The finance minister in his speech identified the key targets on the budget strategy that seek to achieve real GDP growth rate of 6.2 percent, keep inflation under 6 percent, obtain tax-to-GDP ratio of 13.8 percent, contain budget deficit at 4.9 percent of GDP, build up forex reserves to 15 billion dollars and continuation of social protection programmes. To achieve these goals, the FBR tax revenue target has been fixed at 4435 billion rupees. The budget also proposes to leave the business of subsidies to the agriculture sector to the provincial governments while the federal government will focus on research and development in this sector and bringing about improvements in management, labour practices and technology.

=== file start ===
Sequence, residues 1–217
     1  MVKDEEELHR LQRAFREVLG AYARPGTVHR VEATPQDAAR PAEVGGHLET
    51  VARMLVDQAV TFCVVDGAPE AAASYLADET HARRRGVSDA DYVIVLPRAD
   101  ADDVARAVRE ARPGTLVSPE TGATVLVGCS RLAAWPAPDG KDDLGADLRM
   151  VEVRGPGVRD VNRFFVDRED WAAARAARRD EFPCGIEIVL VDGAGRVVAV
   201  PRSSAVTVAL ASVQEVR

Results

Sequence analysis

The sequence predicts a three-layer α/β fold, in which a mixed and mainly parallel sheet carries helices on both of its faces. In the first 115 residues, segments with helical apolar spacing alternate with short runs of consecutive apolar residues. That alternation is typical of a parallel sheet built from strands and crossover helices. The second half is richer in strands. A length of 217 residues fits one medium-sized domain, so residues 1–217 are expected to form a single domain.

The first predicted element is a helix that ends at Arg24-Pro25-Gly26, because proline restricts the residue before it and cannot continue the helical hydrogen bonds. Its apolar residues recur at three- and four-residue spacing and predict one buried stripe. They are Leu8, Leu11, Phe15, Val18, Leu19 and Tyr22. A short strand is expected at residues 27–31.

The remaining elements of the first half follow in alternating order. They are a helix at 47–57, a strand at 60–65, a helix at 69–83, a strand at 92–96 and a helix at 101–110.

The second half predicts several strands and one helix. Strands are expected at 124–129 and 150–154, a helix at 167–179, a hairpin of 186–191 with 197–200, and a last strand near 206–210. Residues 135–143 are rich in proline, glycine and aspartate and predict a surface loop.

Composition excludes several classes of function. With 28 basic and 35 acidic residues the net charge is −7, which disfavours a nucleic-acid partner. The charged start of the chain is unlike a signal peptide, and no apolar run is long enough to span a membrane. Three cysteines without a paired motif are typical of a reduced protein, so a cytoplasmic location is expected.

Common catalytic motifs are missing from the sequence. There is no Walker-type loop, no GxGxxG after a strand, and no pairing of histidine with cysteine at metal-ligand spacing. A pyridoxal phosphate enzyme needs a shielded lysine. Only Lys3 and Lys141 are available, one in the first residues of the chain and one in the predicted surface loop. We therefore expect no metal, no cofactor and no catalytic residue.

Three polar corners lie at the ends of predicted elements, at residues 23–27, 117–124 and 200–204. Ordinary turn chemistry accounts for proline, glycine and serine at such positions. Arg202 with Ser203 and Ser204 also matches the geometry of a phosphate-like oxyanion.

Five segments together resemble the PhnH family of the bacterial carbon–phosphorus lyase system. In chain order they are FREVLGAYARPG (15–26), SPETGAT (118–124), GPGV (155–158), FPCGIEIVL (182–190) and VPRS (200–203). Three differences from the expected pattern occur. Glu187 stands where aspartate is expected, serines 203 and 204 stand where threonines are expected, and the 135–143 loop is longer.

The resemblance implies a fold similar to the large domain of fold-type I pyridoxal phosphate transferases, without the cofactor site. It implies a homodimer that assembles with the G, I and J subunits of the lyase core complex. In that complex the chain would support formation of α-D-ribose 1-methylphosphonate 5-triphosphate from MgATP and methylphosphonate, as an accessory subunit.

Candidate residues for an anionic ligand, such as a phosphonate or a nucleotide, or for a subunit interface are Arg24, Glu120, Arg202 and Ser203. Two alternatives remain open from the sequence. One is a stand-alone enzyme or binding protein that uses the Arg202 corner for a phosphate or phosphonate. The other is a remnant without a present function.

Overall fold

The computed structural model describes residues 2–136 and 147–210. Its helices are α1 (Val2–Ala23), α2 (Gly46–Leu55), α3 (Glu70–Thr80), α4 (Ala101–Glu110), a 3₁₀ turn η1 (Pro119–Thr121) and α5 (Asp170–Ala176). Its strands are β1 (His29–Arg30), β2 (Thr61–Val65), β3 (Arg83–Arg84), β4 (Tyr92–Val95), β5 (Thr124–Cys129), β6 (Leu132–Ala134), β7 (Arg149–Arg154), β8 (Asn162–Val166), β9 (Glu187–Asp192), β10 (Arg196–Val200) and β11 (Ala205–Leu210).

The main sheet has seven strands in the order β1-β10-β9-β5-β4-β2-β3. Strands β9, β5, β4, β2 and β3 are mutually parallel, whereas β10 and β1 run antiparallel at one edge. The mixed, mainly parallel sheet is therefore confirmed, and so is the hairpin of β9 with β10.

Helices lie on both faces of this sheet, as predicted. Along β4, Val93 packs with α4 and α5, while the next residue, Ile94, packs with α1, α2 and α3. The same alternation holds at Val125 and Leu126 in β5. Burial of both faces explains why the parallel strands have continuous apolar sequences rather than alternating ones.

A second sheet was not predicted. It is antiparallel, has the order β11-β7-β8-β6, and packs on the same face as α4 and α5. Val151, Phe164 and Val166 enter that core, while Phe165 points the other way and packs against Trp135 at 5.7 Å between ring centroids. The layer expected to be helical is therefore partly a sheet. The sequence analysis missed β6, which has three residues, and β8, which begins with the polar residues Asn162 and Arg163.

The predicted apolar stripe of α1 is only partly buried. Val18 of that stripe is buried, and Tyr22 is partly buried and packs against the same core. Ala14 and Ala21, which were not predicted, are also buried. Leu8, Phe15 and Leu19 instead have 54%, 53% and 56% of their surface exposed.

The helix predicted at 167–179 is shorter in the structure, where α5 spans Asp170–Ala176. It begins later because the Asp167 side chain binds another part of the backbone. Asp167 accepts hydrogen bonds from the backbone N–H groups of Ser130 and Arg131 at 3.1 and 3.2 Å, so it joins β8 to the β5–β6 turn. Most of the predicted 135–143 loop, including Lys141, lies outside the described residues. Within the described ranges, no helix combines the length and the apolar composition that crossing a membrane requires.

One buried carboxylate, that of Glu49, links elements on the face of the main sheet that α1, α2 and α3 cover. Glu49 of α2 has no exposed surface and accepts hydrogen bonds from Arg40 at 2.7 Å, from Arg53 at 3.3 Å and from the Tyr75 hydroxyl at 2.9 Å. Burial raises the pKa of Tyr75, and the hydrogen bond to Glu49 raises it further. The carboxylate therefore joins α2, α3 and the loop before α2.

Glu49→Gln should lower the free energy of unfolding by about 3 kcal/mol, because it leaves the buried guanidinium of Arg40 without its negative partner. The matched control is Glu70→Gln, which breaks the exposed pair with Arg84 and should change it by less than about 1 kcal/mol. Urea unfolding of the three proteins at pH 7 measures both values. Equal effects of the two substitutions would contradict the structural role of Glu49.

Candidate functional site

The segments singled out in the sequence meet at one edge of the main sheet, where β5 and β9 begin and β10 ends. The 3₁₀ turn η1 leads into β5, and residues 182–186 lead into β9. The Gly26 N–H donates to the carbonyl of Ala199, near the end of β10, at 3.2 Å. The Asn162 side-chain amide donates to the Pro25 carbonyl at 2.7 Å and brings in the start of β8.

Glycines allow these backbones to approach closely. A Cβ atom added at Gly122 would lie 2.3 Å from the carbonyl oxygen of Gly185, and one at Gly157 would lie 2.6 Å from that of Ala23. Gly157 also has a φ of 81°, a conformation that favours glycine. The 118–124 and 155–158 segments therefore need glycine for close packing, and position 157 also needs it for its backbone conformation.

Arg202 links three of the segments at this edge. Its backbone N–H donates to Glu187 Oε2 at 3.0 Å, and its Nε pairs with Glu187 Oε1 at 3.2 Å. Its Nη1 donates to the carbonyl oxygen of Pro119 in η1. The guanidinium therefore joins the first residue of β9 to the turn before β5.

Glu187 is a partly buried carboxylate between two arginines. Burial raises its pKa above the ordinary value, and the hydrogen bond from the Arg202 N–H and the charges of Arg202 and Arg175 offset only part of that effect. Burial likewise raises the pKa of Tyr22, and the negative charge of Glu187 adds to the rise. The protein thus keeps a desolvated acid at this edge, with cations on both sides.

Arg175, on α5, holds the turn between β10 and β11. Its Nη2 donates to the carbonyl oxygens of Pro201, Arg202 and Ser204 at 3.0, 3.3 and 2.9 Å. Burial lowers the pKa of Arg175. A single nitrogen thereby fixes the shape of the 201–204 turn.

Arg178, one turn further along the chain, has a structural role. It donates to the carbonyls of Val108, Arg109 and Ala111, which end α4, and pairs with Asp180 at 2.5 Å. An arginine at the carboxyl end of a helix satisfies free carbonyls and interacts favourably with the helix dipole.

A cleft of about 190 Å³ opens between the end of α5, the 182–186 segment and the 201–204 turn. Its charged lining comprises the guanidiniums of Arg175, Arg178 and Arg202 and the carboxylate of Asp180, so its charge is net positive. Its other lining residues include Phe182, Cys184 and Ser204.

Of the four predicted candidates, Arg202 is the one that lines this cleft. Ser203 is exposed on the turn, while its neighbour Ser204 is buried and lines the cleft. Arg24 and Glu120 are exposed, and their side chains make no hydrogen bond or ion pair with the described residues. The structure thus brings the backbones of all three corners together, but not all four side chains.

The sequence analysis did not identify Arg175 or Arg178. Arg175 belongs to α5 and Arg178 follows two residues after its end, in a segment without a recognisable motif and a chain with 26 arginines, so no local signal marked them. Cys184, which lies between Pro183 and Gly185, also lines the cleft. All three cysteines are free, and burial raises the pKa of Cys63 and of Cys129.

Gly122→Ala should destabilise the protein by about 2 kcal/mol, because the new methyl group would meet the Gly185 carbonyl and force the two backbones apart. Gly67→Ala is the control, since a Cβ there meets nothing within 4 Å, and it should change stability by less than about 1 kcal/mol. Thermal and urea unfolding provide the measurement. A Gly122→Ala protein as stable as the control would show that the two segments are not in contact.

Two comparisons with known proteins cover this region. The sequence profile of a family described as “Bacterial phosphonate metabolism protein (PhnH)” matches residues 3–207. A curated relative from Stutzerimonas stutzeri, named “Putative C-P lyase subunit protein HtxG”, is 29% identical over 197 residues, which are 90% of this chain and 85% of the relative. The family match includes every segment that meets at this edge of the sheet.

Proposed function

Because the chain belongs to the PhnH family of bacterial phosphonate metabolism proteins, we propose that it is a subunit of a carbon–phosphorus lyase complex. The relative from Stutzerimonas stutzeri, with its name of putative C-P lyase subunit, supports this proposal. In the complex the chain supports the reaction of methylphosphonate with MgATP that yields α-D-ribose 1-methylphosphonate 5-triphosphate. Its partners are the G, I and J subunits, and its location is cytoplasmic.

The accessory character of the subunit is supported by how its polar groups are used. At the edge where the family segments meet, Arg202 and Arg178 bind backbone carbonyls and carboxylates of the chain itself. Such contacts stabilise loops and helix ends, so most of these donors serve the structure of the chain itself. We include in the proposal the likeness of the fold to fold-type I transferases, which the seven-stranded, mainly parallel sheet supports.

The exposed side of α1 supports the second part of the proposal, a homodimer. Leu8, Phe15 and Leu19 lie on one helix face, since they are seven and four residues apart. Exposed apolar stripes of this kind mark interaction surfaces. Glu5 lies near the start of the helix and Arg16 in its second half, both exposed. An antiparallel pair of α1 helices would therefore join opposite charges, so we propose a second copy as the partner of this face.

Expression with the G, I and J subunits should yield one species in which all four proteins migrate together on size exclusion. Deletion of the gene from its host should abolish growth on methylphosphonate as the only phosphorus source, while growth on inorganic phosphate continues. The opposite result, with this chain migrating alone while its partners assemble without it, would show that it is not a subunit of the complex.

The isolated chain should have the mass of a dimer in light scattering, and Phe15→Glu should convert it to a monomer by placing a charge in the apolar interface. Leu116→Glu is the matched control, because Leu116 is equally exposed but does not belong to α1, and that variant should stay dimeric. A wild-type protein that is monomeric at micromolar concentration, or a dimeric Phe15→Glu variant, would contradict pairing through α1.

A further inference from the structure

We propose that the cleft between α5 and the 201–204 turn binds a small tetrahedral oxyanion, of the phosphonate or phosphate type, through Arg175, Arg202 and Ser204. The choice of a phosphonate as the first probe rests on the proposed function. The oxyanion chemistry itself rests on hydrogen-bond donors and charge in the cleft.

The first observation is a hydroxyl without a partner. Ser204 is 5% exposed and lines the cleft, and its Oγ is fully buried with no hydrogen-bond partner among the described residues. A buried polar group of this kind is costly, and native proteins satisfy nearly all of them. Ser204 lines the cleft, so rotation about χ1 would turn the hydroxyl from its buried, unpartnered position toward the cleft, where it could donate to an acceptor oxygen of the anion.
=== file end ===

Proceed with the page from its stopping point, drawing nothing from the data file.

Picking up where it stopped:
For the first time in decades, Karachi, the country’s commercial, financial and business hub and also its largest metropolis finds mention in the federal budget document separately. The budget visualizes a new scheme of seawater desalination to mitigate the severe shortage of water in Karachi. The plant is proposed to be built by the private sector in partnership with the federal government. Apart from that, the federal government will also fund a Rs 25 billion development package for Karachi.